I have spent the last week or so fixing bugs in Winter (our programming language) found by our new fuzz testing code.

Fuzz testing is the process of sending lots of random input to a program, to try and uncover crashes or other undesirable behaviour from the program.

If you are writing a compiler, I highly recommend fuzz testing it, it seems like a very effective way of finding bugs.

Some more details about our fuzzing code:

It's an in-process fuzzer - random programs are generated, compiled, and run if compilation succeeded (e.g. if the program is valid), all in the same process. Because it's in-process, as soon as a crash occurs, the fuzzing run is over. Each random program string is saved to disk before it is run, so to find the program that crashed the process, you just have to get the last line from the file on disk.

It's multithreaded, because you need all the power you can get to find any bugs as fast as possible.

The fuzzer runs through about 20,000 random programs per second per core, so running on 4 cores gives around 80,000 random programs per second. This relatively fast speed is possible because invalid programs are rejected early before computationally intensive stuff like LLVM optimisation and codegen starts.

Valid programs only run at about 300 programs per second per core, but most random programs are invalid, so the average speed comes out to 20K/core/s

The random program generation strategy is something like:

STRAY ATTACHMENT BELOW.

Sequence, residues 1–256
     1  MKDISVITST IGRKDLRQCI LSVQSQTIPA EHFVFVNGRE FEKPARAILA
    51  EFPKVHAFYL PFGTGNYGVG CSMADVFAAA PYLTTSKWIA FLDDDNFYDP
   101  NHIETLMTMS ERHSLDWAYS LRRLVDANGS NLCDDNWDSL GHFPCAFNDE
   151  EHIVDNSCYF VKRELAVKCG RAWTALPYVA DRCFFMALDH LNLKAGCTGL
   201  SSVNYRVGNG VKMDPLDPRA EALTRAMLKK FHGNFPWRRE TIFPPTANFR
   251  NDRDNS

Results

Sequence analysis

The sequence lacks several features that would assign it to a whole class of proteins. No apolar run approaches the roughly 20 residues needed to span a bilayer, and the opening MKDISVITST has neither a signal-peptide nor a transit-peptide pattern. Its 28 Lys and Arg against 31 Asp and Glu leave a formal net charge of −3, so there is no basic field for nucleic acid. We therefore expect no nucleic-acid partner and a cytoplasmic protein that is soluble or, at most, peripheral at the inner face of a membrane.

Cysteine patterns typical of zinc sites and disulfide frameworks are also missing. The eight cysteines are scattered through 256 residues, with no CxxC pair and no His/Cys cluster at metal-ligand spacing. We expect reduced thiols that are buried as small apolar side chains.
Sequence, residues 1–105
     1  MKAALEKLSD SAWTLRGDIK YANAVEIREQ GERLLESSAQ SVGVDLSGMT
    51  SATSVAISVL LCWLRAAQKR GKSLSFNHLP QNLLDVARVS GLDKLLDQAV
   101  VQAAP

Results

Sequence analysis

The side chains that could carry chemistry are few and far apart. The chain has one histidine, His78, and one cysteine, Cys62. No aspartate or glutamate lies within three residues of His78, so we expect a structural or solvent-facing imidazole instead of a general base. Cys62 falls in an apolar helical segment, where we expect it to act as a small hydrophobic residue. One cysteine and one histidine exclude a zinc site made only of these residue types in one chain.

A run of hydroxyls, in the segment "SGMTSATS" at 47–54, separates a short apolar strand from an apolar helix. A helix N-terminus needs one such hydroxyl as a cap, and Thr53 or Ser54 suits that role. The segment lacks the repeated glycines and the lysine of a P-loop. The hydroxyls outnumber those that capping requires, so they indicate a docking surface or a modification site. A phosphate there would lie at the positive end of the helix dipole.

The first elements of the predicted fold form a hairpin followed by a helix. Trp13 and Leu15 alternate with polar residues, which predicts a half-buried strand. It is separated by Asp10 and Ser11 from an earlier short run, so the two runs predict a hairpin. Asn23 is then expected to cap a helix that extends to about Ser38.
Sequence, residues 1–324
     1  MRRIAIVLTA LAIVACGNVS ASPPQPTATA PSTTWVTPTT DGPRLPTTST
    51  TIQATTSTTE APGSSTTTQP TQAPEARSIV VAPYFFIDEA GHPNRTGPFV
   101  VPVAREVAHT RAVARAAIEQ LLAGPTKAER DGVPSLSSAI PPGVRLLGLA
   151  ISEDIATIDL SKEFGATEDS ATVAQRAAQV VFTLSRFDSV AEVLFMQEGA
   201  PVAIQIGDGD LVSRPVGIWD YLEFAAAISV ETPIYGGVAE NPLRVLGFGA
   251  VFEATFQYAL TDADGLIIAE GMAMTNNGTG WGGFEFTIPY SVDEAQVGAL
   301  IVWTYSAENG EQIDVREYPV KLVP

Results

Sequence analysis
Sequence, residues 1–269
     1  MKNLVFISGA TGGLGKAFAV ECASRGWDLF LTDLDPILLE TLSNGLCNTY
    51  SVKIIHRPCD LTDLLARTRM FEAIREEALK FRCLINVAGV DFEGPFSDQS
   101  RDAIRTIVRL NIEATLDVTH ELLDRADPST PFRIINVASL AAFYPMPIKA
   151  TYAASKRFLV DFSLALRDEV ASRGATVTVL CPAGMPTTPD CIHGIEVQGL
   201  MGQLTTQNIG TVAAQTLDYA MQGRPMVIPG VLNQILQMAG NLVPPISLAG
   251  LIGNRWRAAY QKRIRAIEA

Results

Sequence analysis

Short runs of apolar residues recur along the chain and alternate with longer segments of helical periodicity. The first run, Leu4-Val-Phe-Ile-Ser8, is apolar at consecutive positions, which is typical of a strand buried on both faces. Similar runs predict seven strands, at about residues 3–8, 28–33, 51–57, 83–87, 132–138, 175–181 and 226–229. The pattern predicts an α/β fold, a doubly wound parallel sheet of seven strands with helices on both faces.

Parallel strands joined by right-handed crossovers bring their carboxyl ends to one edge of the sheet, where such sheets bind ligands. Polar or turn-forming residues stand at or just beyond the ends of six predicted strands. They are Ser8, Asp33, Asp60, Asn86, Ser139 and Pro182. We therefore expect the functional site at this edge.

Randomly pick a program from the unit test suite programs (several hundred covering all language features)

Then repeatedly mutate program randomly a few times by picking from among a few options:

1) Insert a random character at a random position in the program.
2) Delete a random chunk of characters from the program
3) Copy a chunk of the program to another random position in the program.
4) Read a section of a random other program from the test suite and insert into the program.
5) Insert a random language keyword or syntactical elements (square bracket pair etc..)

As mentioned I found this fuzzing code to be extremely effective in finding bugs. I found 40-50 crash bugs that took something like a week to fix, and triggered improvements and refactorings to avoid crashes. Our programming language Winter is a lot more robust now.

if you are wondering how there can be so many bugs in a language compiler/runtime, bear in mind that Winter is quite complex, with generic functions, operator overloading, function overloading, type coercion, JITing, higher order functions etc..

I also tried out American Fuzzy Lop (AFL). I ran it for 24 hours or so, in which time it got through 20% or so of the first pass. It didn't find any crashes. I'm not sure if this is because it's not very good at finding crashes, or if I removed all the crash bugs :) It's definitely a lot slower than our in-process multithreaded fuzzing though.

Note that in theory AFL uses a more powerful kind of fuzzing - coverage-guided fuzzing, which can be considered a white-box approach, since it uses knowledge of what code paths are taken for each input program.

Therefore I would highly recommend integrating an in-process fuzzer into your test suite, and after that maybe check out AFL or similar.

(If you want to know more about Winter there are some presentation slides in PDF format from a talk I gave a while ago here: Indigo Shader Language and Winter)